Mindspace, Or The Dangers Of Wind Therapy

scooterwuf

L Plate Member
Jan 6, 2017
710
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Philadelphia/South Jersey
I ride a
Kymco Downtown 300i
A good friend of mine is an avid runner. When someone asked him how long does he run for, he shrugs and replies, 'about 2 hours'. That's followed by the obligatory, 'how many miles is that?' With another shrug he answered, 'it doesn't matter. I run for mindspace.'

His answer got me thinking that a lot of riders do the same. Riding has been called wind therapy. A way to get away, to be just by yourself and disconnect from the world. I've done it tons of times, an even my wife, who just enjoys riding 2up with me, demands rides for the same reason.

But, is there a down, if not dangerous side, to this? The past few weeks I've caught myself woolgathering as I ride -- deep in thought on what's going on in my life that I was almost unaware of riding. That's not good. I was told that the most dangerous years for riding are the 1st, and the 5th. The 1st because you're new, but the 5th because a rider has grown complacent. I'm on my 7th, and I'm realizing I'm falling into such a groove. I'm hoping by posting this thread I'll openly remind myself of such a dilemma.

Anyone experience similar things?

- Wuf
 
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R-Rated

Have Fun!
Aug 4, 2016
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First the funny, then the serious. Your comment about complacency reminds me of a riding pal and me at a baseball game horsing around. He yelled at the center fielder that the player was getting complacent and we knew conplacency when we see it, we just don't say much about it because we get used to it.

It cracked me up.

Now the serious, complacency is dangerous when operating any machinery. The challenge of riding to clear the mind is to stay engaged enough to be aware of your surroundings.

Here is one thing I do. Ride for two hours with no destination in mind, just a general direction. When you get to an intersection and have to stop, look at a clock. If the last digit is even turn right, odd turn left. When the 2 hours is up, let the GPS find your fastest route home.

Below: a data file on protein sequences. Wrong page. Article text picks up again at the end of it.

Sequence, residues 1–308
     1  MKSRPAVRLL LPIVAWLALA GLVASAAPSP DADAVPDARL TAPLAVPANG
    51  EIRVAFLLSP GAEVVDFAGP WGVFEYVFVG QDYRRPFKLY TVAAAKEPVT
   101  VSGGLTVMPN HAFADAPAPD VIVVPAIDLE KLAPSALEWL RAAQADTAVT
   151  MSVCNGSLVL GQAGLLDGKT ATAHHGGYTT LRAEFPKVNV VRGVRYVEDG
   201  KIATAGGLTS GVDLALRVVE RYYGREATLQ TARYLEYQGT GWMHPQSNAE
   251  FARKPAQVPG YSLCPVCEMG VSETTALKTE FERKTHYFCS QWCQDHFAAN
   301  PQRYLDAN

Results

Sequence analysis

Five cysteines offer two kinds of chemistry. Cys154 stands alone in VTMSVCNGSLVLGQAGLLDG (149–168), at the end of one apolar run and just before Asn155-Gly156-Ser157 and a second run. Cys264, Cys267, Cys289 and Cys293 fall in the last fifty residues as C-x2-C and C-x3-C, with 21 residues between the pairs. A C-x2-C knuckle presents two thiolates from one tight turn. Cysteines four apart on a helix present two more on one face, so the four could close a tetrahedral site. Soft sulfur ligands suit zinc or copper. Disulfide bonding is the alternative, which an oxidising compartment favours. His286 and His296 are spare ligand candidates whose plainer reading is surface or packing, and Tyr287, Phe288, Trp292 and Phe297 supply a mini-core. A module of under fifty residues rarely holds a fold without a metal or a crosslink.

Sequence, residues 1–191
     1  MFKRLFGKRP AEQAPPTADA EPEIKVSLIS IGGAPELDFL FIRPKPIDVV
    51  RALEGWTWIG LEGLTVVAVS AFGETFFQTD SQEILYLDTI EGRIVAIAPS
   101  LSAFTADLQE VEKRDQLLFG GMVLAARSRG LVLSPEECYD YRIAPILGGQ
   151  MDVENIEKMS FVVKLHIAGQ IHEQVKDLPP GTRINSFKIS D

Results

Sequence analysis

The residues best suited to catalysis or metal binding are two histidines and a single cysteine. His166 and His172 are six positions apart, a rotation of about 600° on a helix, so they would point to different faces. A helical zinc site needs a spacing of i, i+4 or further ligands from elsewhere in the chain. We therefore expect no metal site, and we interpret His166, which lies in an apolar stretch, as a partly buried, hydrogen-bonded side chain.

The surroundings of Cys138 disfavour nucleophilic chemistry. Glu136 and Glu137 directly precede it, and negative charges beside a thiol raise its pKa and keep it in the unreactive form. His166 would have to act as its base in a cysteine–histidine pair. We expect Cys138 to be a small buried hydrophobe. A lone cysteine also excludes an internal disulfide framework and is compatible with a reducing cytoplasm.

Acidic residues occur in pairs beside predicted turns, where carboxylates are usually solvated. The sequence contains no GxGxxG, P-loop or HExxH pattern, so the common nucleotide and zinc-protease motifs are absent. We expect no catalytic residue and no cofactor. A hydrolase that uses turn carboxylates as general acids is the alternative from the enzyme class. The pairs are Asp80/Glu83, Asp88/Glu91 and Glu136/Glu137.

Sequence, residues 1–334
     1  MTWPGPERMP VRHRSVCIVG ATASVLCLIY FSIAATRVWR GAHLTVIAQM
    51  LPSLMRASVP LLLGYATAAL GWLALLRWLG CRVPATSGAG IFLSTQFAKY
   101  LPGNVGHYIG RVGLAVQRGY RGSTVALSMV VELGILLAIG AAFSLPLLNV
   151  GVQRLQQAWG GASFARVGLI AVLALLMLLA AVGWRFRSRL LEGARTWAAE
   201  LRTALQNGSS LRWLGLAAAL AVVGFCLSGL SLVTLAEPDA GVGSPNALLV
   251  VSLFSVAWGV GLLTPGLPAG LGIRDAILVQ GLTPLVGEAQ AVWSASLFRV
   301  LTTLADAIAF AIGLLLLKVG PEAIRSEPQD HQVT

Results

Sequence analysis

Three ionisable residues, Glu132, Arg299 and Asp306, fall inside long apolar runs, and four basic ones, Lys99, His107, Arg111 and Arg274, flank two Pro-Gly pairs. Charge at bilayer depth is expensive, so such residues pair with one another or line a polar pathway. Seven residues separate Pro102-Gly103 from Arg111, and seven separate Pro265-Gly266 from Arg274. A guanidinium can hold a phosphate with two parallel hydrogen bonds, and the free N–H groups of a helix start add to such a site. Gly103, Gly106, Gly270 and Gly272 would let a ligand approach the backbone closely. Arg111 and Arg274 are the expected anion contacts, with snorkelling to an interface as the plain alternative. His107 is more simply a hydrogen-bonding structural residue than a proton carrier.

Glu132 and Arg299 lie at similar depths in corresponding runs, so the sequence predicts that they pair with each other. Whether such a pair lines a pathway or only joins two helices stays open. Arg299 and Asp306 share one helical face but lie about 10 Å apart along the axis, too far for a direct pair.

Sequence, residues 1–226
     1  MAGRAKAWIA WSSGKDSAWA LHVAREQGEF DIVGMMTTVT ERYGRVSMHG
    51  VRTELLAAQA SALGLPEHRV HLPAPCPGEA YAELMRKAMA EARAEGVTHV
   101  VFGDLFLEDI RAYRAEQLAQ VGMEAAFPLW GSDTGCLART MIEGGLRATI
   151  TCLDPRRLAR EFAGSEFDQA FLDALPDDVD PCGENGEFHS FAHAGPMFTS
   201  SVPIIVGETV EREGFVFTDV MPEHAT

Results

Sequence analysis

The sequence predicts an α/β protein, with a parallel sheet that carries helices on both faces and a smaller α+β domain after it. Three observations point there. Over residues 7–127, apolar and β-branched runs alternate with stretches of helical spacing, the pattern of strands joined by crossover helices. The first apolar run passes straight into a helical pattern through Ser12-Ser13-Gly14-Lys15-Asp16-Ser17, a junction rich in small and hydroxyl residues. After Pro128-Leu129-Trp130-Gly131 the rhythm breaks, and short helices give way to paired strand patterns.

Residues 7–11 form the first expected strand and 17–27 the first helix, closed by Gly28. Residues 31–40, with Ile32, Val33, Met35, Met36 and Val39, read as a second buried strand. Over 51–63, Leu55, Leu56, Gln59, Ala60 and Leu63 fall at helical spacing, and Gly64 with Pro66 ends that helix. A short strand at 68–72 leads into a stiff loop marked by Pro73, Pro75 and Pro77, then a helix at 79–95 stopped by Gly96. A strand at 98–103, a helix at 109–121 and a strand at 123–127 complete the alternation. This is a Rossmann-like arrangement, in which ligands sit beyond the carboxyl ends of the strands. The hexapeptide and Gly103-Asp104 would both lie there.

Plus you can something to it like take photos of closed businesses and wonder why they closed.

Good luck with it! We try to achieve nirvana while riding but the real world still will try to throw us off.
 

burlyjack

The bearded dude with a cool YouTube
Oct 10, 2015
348
231
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26
Oklahoma, USA
I ride a
2004 Honda VTX 1300
Yes complacency could be very dangerous. Here lately I've found myself drifting off into space during my commute and sometimes I'll completely tune out. I'm not sure if the heat is making me feel more fatigued, or if it's just complacency. More than likely a mixture of both. My real wake up call happened a few days ago when a cager crossed three lanes of traffic to take an exit and almost took me out. I was off and la-la land and almost didn't see it in time. Normally I'm on my toes in heavy traffic like that. But like I said, combined heat fatigue and complacency makes for a bad situation. Definitely need to keep your eyes and mind in the game. Most of my "deep thinking" comes from finding a nice shady spot with no one around to sit next to my bike and think & pray.
 
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scooterwuf

L Plate Member
Jan 6, 2017
710
490
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Philadelphia/South Jersey
I ride a
Kymco Downtown 300i
I think I zone out more when no one is on the road with me, creating a sense of isolation with no potential danger from anything around. Oddly, enough motovloging keeps me on my toes because I tend to talk about my surrounding, or what's happening as I'm riding.

- Wuf
 

EDcase

-=RC8=-
Jan 26, 2016
615
428
63
SouthEast UK
I ride a
KTM RC8 Putytat
I ride for the sheer excitement. (weekend fun only for me, no commuting)
I do appreciate my surroundings when I'm stuck going slow and can't overtake for safety reasons but that doesn't last long.

I'm most happy when I'm concentrating on the (empty) twisty road ahead. (I hate straight roads)

It is a kind of therapy or escapism because in those moments there is pure concentration on the road, the bike and no wandering thoughts of anything else.

Maybe you just have to ride a bit faster ;)
 
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F4celess

Cold
Dec 20, 2015
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Yamaha Fazer
This might not be too relevant, but I think part of the reason we space out on the road is the same as for why we feel that time passes more quickly as we age. We get used to the information we process.